Background: While most individuals initiate their use of tobacco prior to onset of cannabis use, recent reports have identified a smaller subset of youth who report onset of cannabis use prior to tobacco use. In this study, we characterize patterns of cannabis and tobacco use (tobacco but not cannabis, cannabis but not tobacco or both) and compare the factors associated with onset of tobacco before cannabis and cannabis before tobacco.
Methods: Data on 1812 offspring aged 12-32 years, drawn from two related offspring of Vietnam Era twin studies, were used. Individuals were divided into tobacco but not cannabis (T), cannabis but not tobacco (C) and users of both substances (CT). Those who used both could be further classified by the timing of onset of tobacco and cannabis use. Multinomial logistic regression was used to characterize the groups using socio-demographic and psychiatric covariates. Furthermore, data on parental smoking and drug use was used to identify whether certain groups represented greater genetic or environmental vulnerability.
Results: 22% (N=398) reported T, 3% (N=55) reported C and 44% reported CT (N=801). Of the 801 CT individuals, 72.8% (N=583), 9.9% (N=77) and 17.3% (N=139) reported onset of tobacco before cannabis, cannabis before tobacco and onsets at the same age. C users were as likely as CT users to report peer drug use and psychopathology, such as conduct problems while CT was associated with increased tobacco use relative to T. Onset of tobacco prior to cannabis, when compared onset of cannabis before tobacco or reporting initiation at the same age was associated with greater cigarettes smoked per day, however no distinct factors distinguished the group with onset of cannabis before tobacco from those with initiation at the same age.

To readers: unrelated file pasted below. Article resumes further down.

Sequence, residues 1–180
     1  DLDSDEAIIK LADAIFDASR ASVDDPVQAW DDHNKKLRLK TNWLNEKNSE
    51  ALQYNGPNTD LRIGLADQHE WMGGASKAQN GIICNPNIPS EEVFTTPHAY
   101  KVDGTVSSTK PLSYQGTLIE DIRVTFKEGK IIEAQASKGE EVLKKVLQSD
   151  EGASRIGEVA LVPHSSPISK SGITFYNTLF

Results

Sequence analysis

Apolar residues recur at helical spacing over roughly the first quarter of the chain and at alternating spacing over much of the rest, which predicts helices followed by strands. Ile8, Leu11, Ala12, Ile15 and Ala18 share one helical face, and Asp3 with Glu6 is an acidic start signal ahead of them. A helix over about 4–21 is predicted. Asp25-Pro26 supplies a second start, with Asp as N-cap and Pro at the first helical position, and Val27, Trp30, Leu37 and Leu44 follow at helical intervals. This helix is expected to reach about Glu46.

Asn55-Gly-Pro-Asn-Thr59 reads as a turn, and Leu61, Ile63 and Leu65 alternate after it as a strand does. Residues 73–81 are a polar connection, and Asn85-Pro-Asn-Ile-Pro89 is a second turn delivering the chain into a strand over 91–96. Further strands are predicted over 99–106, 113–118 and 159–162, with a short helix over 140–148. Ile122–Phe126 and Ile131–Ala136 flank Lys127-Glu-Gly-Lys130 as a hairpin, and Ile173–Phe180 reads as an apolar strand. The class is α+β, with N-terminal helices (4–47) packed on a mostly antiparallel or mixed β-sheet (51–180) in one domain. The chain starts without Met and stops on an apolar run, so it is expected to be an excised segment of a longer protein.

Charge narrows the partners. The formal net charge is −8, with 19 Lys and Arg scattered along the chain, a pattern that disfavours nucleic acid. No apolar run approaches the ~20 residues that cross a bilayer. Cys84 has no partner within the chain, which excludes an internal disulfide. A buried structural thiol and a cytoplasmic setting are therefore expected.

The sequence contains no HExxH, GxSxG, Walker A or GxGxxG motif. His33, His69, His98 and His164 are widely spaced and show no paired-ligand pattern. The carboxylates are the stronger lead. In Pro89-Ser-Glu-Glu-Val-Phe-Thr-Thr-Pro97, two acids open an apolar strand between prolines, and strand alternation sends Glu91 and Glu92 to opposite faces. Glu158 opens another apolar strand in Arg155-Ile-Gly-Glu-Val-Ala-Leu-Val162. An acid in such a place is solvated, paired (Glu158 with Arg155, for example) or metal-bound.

Conclusion: A small subset of individuals report cannabis without tobacco use. Of those who use both cannabis and tobacco, a small group report cannabis use prior to tobacco use. Follow-up analyses that chart the trajectories of these individuals will be required to delineate their course of substance involvement.
Copyright © 2011. Published by Elsevier Ltd.